Research Article | Open Access
Fatin F. Mahmoud, Ahmed G. El-Shafei, Amal E. Al-Shorbagy, Alaa A. Abdel Rahman, "Effect of the Material Parameters on Layered Viscoelastic Frictional Contact Systems", Advances in Tribology, vol. 2010, Article ID 258307, 14 pages, 2010. https://doi.org/10.1155/2010/258307
Effect of the Material Parameters on Layered Viscoelastic Frictional Contact Systems
In the design process, one of the main targets is to reduce the peak values of the contact stresses. This can be attained by layering the contacting bodies by layers of different material characteristics. Viscoelastic materials are characterized by either a stress relaxation or a creep deformation; therefore, the contacting bodies can be layered with such materials to attain this target. This paper discusses effects of the material characteristics of viscoelastic layers upon the unbounded contact configuration. Three material parameters are considered: the layer/contact solids stiffness ratio, the delayed/instantaneous elasticity ratio, and the material relaxation time. The results are obtained by using a two-dimensional time-dependent nonlinear computational model, developed by the authors, capable of analyzing quasistatic viscoelastic frictional contact problems.
Many mechanical applications involve solid bodies coming into contact under the action of applied loads. Upon loading, both normal and tangential contact stresses built up throughout the contact interfaces. These contact stresses have a vital role on the tribological behavior of the contact systems. In the design process, one of the main targets is to reduce the peak values of these contact stresses. Based on the function of the contact system and due to the nature of the viscoelastic materials, layering the contacting bodies by viscoelastic layers with different material properties can attain this target.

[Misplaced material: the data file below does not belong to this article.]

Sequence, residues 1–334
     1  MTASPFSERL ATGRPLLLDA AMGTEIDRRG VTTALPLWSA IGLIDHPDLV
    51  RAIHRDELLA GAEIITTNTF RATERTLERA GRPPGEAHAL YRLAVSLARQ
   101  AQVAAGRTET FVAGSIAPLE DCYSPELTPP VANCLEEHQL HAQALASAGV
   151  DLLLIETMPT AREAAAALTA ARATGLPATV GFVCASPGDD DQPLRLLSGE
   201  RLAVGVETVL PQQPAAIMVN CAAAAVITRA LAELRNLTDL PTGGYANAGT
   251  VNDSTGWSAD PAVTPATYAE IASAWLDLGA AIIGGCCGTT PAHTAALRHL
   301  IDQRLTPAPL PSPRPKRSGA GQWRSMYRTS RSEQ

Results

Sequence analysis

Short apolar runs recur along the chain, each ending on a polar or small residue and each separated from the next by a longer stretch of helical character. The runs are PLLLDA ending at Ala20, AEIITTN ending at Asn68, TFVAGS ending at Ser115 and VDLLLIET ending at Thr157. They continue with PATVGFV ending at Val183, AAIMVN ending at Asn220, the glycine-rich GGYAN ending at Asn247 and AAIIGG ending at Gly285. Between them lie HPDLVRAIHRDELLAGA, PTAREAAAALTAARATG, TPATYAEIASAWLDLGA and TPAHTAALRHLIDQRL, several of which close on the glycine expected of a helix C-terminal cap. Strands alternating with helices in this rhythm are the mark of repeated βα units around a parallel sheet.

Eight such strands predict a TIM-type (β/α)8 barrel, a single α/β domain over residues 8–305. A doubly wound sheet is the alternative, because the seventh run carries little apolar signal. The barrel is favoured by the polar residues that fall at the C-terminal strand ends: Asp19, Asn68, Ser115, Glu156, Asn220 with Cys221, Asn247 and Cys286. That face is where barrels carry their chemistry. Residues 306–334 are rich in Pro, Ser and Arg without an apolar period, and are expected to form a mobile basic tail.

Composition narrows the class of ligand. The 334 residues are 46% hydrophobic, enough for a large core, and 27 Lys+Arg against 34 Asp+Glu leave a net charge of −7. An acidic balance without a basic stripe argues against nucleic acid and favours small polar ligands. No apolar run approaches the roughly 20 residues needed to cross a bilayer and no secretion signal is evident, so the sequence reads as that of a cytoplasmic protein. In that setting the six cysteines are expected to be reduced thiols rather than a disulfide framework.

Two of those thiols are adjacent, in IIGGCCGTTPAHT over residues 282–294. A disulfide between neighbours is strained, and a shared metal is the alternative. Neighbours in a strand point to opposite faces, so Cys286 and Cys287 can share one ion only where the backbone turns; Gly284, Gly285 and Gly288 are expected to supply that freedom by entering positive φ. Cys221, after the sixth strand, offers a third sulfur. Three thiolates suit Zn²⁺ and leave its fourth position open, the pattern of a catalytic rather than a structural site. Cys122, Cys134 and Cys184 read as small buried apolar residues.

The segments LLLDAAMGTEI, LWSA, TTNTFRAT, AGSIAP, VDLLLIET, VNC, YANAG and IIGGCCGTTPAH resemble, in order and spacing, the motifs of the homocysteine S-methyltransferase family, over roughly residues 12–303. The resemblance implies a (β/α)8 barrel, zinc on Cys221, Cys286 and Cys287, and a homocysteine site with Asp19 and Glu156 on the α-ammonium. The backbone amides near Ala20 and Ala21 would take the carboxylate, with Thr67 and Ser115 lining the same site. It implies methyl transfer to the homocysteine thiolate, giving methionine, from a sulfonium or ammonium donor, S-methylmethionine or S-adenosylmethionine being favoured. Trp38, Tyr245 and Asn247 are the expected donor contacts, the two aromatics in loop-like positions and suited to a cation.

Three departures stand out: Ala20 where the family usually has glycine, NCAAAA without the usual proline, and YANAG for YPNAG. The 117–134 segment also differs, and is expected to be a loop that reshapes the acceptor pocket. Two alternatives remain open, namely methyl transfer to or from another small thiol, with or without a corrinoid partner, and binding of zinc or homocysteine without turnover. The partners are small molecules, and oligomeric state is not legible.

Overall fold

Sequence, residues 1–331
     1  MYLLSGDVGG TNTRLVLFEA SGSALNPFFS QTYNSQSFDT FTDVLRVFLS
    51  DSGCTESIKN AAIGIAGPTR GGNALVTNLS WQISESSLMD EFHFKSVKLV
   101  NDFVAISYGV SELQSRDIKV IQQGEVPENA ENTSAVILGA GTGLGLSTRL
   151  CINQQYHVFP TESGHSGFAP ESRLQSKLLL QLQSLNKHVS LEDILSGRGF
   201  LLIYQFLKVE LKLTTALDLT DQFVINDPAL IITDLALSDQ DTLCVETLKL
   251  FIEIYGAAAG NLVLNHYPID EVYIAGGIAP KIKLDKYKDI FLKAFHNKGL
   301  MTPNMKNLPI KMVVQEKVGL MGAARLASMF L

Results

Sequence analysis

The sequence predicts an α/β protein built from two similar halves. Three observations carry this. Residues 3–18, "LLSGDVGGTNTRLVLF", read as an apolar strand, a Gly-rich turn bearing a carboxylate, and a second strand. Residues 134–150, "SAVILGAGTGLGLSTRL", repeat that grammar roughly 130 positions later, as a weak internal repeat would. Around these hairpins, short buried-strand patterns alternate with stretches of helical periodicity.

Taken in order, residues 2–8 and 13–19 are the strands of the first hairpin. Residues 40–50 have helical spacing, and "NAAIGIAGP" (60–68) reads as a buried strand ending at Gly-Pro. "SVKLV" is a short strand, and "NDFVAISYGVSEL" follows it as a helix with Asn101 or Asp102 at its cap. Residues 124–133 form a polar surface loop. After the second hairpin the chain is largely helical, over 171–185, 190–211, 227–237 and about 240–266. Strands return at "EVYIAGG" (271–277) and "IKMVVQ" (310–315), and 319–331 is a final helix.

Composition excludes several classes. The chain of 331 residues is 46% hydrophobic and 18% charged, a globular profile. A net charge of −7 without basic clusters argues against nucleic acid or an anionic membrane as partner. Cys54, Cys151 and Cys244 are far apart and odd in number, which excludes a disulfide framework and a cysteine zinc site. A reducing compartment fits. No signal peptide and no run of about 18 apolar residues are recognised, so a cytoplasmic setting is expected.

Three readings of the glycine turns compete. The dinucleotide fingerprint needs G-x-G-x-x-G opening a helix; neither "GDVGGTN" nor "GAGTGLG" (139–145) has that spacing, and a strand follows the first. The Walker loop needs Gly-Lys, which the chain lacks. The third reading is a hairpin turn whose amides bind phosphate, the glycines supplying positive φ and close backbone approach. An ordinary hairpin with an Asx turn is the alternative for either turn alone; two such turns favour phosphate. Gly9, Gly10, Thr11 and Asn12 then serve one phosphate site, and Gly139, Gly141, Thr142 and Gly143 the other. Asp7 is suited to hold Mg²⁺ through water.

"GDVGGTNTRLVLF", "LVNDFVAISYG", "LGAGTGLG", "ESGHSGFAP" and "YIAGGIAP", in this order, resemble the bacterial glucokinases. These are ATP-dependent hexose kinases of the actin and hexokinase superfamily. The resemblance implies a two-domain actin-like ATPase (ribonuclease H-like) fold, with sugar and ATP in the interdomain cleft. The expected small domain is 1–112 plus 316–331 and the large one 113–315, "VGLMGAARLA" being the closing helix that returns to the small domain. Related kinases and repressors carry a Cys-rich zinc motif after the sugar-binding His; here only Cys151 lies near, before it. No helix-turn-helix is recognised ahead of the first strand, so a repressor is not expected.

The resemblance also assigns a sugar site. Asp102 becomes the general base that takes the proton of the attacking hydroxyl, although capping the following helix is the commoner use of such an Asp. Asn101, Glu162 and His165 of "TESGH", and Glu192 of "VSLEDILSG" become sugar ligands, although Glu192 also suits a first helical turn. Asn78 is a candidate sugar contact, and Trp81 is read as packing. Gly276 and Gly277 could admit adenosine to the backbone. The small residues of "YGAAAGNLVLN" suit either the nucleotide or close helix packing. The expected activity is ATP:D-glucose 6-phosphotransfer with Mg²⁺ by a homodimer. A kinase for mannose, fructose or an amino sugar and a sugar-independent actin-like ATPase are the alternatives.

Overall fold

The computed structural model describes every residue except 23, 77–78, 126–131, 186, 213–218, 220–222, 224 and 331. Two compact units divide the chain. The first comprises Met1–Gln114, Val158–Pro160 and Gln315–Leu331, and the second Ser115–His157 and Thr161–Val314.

Many achievements have been developed to model the linear behavior of viscoelastic materials. Hopkins and Hamming  studied the interrelation of the uniaxial creep compliance and the relaxation modulus by using the finite difference method. Lee and Rogers  integrated the Volterra type integrals that arise in viscoelastic stress analysis problems using a step-by-step scheme. Taylor and Chang  developed an axisymmetric FE model for thermo-reheologically simple materials based on the virtual work principle to derive the constitutive equations. All these developed procedures included no recursive relations, and so they are limited to problems with only a few degrees-of-freedom. This shortcoming is overcome by Taylor et al.  who devised a recursive form of the constitutive relationships. On the other hand, a direct incremental formulation of the constitutive equations for orthotropic linear viscoelastic material is presented by Zocher  and Zocher et al. , while Dirichlet’s series is adopted by Jurkiewiez et al.  to incrementalize the constitutive equations.